Case Report | Open Access
Alex Gonzalez-Bossolo, Alexis Gonzalez-Rivera, Santiago Coste-Sibilia, "Cerebrovascular Accident due to Thyroid Storm: Should We Anticoagulate?", Case Reports in Endocrinology, vol. 2016, Article ID 5218985, 4 pages, 2016. https://doi.org/10.1155/2016/5218985
Cerebrovascular Accident due to Thyroid Storm: Should We Anticoagulate?
Thyroid storm is a life-threatening condition that occurs secondary to an uncontrolled hyperthyroid state. Atrial fibrillation is a cardiovascular complication occurring in up to 15% of patients experiencing thyroid storm, and if left untreated this condition could have up to a 25% mortality rate. Thyroid storm with stroke is a rare presentation. This case report details a left middle cerebral artery (MCA) stroke with global aphasia and thyroid storm in a 53-year-old Hispanic male patient. Although uncommon, this combination has been reported in multiple case series. Although it is well documented that dysfunctional thyroid levels promote a hypercoagulable state, available guidelines from multiple entities are unclear on whether anticoagulation therapy is appropriate in this situation.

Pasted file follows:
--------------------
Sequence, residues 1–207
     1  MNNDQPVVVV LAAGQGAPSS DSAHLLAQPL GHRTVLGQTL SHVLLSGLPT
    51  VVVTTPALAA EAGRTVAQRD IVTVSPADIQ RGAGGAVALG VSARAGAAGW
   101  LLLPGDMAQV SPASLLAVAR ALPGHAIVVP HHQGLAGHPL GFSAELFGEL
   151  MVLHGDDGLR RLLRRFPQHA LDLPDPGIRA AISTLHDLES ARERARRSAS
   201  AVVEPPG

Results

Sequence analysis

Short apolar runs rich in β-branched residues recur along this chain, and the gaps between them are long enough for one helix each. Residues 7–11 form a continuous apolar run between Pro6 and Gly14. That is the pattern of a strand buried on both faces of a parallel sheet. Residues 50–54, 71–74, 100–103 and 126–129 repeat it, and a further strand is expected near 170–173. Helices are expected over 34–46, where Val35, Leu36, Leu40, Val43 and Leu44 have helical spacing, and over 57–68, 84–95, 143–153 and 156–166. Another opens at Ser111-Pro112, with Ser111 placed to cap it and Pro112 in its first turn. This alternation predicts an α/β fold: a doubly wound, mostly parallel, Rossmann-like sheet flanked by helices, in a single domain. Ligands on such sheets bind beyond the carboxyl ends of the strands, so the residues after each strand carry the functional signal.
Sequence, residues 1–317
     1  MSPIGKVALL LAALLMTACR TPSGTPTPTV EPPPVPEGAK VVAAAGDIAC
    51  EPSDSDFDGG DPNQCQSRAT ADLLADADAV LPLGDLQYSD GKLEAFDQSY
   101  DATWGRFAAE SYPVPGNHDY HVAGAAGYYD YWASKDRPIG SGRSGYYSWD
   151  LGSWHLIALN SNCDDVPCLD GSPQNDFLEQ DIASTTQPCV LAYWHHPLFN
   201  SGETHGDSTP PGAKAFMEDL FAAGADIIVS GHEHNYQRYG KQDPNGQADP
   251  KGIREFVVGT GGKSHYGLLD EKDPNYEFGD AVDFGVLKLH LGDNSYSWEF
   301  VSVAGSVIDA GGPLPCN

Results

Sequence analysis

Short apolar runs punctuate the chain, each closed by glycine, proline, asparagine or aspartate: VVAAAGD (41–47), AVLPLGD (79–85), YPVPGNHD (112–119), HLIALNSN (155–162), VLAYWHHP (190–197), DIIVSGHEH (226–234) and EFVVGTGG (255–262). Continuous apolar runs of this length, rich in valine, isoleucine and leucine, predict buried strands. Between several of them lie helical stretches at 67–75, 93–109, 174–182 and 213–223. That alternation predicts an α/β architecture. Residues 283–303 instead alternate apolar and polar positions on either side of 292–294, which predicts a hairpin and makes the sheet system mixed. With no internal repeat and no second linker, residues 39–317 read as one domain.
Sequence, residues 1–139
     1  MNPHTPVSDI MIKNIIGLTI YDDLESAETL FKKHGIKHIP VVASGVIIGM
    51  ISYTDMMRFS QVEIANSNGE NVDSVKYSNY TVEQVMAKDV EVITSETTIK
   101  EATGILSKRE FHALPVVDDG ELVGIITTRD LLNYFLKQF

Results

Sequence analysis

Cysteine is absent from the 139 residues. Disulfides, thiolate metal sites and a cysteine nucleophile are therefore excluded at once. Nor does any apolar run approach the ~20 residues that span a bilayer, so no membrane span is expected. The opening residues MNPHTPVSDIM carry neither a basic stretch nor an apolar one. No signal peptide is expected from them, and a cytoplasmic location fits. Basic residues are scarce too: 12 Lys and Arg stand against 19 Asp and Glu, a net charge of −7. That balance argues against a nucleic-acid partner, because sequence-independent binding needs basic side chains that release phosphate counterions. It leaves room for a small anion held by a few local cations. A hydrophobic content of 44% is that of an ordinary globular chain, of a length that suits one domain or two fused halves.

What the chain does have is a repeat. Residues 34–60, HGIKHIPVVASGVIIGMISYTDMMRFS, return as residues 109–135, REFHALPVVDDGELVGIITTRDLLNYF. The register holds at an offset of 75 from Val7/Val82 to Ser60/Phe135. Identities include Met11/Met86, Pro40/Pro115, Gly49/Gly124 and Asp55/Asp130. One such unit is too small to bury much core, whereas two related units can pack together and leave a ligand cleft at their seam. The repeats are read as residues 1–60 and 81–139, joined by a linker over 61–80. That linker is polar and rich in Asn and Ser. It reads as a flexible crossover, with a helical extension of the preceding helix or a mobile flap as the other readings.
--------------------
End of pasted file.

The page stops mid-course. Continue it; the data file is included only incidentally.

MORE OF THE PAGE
Thyroid storm is a life-threatening condition that is associated with an uncontrolled hyperthyroid state caused by a precipitating event, such as recent surgery, trauma, infection, iodine load, or poor adherence to antithyroid medications . Although tachycardia is the most common cardiovascular manifestation of thyroid storm, atrial fibrillation occurs in up to 15% of patients [2, 3]. Thyroid hormone dysregulation affects the coagulation pathway and promotes settings in which a stroke may occur . There is, however, no clear recommendation for anticoagulation therapy in patients experiencing thyroid storm. This case report describes a 53-year-old Hispanic man who experienced a left middle cerebral artery (MCA) stroke and global aphasia with coexisting thyroid storm.